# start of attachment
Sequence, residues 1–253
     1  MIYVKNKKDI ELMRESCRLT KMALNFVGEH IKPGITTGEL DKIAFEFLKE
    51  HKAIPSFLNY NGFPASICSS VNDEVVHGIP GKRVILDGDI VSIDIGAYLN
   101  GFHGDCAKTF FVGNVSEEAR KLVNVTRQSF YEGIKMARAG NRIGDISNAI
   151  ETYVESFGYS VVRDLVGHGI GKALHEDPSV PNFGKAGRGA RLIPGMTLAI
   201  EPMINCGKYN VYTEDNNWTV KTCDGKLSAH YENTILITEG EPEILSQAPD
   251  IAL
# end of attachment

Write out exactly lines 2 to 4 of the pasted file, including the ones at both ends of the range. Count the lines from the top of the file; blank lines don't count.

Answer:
     1  MIYVKNKKDI ELMRESCRLT KMALNFVGEH IKPGITTGEL DKIAFEFLKE
    51  HKAIPSFLNY NGFPASICSS VNDEVVHGIP GKRVILDGDI VSIDIGAYLN
   101  GFHGDCAKTF FVGNVSEEAR KLVNVTRQSF YEGIKMARAG NRIGDISNAI